Wheat flour is exactly the same thing as white flour. Paula Figoni, author of “How Baking Works”, says that this “…can mislead consumers into thinking that it contains all the health benefits of whole wheat flour”.
Labels are misleading; none of these are certain to be whole grain:
Multi-grain 9 grain Whole Wheat Cracked wheat
Stone Ground Bran Wheat Germ Enriched Flour
100% Whole Wheat Hearty grain Sprouted Wheat Healthy multigrain
Northwest Grain Classic wheat Mixed Grain Wheatberry
Wheat flour Made with whole grains
When it comes to whole wheat bread (rolls and buns), Title 21 FDA 21CFR136.180 says they must be listed as one of these: whole wheat, graham, entire wheat. Anything else and it’s not whole grain.
Nor can you look at the color. The brown color of most “wheat” products comes from either molasses or caramel food coloring.
The amount of fiber doesn’t tell you if it’s whole grain either — factory food often has added cellulose to kick up the fiber count from other ingredients, even wood. The very definition of fast food is a lack of fiber. Factory food is designed so you can swallow it more quickly and eat more food, so food manufacturers can make more money. If there aren’t at least 3 grams of fiber per 28 gram serving, then don’t buy the product.
There are no standards or enforced rules that define how much whole grain is in a product labeled whole grain. The only way to be certain something is 100% whole grain is to bake at home with whole wheat flour.
Some products claim to be a “good” or “excellent” sources of whole grains. But when you do the math, only a small portion might actually be whole grain, as little as 15%. The FDA has asked companies to stop making these claims, but compliance is voluntary.
You have to be a food detective. “Made with whole grains” only means that some whole grain was used. Look at the label.
- There should be at least 3 grams of fiber per serving. Only sometimes sawdust (labeled cellulose), bran, inulin, or guar gum are added to increase fiber content. So you can’t count on this (*).
- The first ingredient should be labeled whole grain flour, whole wheat flour, or steel cut oats. Enriched flour, wheat flour, or degerminated cornmeal, are not whole grain. If the second ingredient is whole grain flour, the product could be as little as 1% whole grain.
- Any whole grain as the first ingredient without added sugars in the first three ingredients (also recommended by USDA’s MyPlate)
- The “10:1 ratio,” a ratio of total carbohydrate to fiber of less than 10 to 1, which is approximately the ratio of carbohydrate to fiber in whole wheat flour (recommended by the American Heart Association’s 2020 Goals)
- The FDA will allow a product to have a healthy heart label if at least 51% is whole grains.
- Some companies have paid the Whole Grain Council for their seal. If there are 16 or more grams per serving it’s 100% whole grain. Many genuine whole grain products don’t have a Whole Grain Council stamp though. However, a recent USDA study found that products with this seal, although higher in fiber and lower in trans fats, also contained significantly more sugar and calories compared to products without the Stamp.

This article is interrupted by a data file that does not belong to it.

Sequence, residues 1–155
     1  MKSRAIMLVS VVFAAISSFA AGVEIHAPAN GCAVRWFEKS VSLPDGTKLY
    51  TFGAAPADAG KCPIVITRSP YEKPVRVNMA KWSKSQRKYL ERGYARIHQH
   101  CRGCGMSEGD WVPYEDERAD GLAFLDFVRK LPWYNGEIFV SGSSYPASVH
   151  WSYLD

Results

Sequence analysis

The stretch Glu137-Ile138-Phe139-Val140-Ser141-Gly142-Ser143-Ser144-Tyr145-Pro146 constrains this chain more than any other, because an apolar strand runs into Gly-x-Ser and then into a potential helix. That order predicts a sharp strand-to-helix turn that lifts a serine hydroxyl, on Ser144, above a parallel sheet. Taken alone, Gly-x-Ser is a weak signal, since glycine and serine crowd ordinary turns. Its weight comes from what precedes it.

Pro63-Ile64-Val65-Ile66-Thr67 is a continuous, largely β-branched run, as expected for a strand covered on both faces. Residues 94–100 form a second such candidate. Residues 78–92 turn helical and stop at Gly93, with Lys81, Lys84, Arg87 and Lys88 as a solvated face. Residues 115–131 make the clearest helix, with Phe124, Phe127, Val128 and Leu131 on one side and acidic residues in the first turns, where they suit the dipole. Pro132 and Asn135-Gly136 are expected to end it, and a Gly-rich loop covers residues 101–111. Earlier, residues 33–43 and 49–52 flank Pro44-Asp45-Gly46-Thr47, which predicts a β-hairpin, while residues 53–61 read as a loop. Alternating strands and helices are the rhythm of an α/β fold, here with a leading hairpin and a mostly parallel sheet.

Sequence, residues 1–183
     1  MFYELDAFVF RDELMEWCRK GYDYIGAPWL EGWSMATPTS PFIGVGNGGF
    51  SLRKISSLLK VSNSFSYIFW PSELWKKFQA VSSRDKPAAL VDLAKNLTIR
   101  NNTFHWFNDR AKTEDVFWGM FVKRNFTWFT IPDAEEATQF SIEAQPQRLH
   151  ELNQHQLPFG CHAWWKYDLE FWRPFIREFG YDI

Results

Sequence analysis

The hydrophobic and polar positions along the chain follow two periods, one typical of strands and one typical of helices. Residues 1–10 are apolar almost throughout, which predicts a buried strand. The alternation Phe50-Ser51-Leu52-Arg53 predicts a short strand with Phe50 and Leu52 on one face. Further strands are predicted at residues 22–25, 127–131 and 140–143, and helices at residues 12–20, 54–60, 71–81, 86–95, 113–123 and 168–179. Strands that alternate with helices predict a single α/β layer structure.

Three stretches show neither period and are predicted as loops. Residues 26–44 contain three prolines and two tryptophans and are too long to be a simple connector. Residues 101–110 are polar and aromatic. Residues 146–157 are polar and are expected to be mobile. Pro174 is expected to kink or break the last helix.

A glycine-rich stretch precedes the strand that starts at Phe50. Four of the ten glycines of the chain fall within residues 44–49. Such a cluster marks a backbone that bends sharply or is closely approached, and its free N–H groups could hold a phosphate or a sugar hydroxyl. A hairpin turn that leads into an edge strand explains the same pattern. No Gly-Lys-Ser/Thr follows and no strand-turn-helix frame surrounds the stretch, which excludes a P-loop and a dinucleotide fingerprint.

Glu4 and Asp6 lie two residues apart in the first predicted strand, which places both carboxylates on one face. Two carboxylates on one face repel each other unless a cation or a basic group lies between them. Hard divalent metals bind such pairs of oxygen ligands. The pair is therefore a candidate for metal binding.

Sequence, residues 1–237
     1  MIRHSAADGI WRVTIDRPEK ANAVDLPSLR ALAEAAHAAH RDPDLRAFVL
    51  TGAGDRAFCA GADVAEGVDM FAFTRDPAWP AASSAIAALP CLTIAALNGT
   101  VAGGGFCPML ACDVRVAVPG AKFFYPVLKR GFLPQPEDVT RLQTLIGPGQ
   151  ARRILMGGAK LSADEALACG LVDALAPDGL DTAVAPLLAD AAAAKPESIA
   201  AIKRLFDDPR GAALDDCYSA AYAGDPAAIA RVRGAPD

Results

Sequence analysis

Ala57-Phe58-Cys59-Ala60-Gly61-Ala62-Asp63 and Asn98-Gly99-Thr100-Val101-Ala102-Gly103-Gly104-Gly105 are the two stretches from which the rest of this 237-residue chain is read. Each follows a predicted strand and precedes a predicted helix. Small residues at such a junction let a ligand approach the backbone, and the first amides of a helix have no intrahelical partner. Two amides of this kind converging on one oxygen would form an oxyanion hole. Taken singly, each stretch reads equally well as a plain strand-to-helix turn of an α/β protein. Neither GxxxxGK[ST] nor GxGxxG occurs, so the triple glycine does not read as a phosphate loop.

- Expensive, artisan bakeries are among the worst labeling offenders. You have to ask a staff member which breads are whole grain, and it’s usually only one kind of bread, or half whole grain. Except for Great Harvest, where about 60% are whole grain, 20% half-and-half, and 20% white bread. Their breads and ingredients are posted at their website.
* Cellulose from cotton, wood pulp, gums and fibers are added to bread to boost fiber levels. On labels it may appear as MCC, cellulose gel, carboxymethyl cellulose, and cellulose gum.
Health claims on packages (mentions a disease)
Heart Disease & Cancer Claim “Rich in Whole Grains…May Reduce The Risk of Heart Disease,” and in small print: “Diets rich in whole grain foods and other plant foods and low in total fat, saturated fat, and cholesterol may reduce the risk of heart disease and some cancers.” The food must be low fat, sodium, and at least 51% whole grain – but not 100%.
Structure and function claims, i.e. “May promote heart health”
Any food can make this claim, no matter what the ingredients are!
False claims made by manufacturers
In 2007, the Center for Science in the Public Interest (CSPI) told Sara Lee they would file a lawsuit if they continued to claim their “Made with Whole Grain White Bread”, was whole grain, since only 30% of it was. In 2008 Sara Lee made a settlement agreement with CSPI to stop making that claim.
CSPI also would like the FDA to go after Thomas’ Hearty Grains English Muffins for claiming “made with the goodness of whole grain” and “made with whole grains” despite the first ingredient being white flour, the second ingredient water, and finally whole wheat flour.
Burros, Marian. August 11, 2004. It’s Better to Be Whole Than Refined. New York Times.
Consumer Reports. September 2011. Fake Whole Grains. Consumer Reports on Health, p3.
CSPI. Dec 17, 2007. Sara Lee Accused of Whole Grain Whitewash. CSPI Litigation Unit Serves Notice of Intent to Sue Over “Whole Grain” White Bread.
CSPI. Dec 29, 2009. CSPI Urges FDA Crackdown on False & Misleading Food Labeling.
Figoni, Paula. 2007. How Baking Works: Exploring the Fundamentals of Baking Science. Chapter 5. Flour and Dough Additives and Treatments. John Wiley and Sons.
Goldis, Tamara. May 2008. Whole Grains. The Inside Story. Nutrition Action Healthletter.
Harvard School of Public Health. Jan 10, 2013. Foods identified as ‘whole grain’ not always healthy. New Standard Needed to Help Consumers, Organizations Choose Foods Rich in Whole Grains.
Nassauer, Sarah. May 4, 2011. Why Wood Pulp Makes Ice Cream Creamier. Wall Street Journal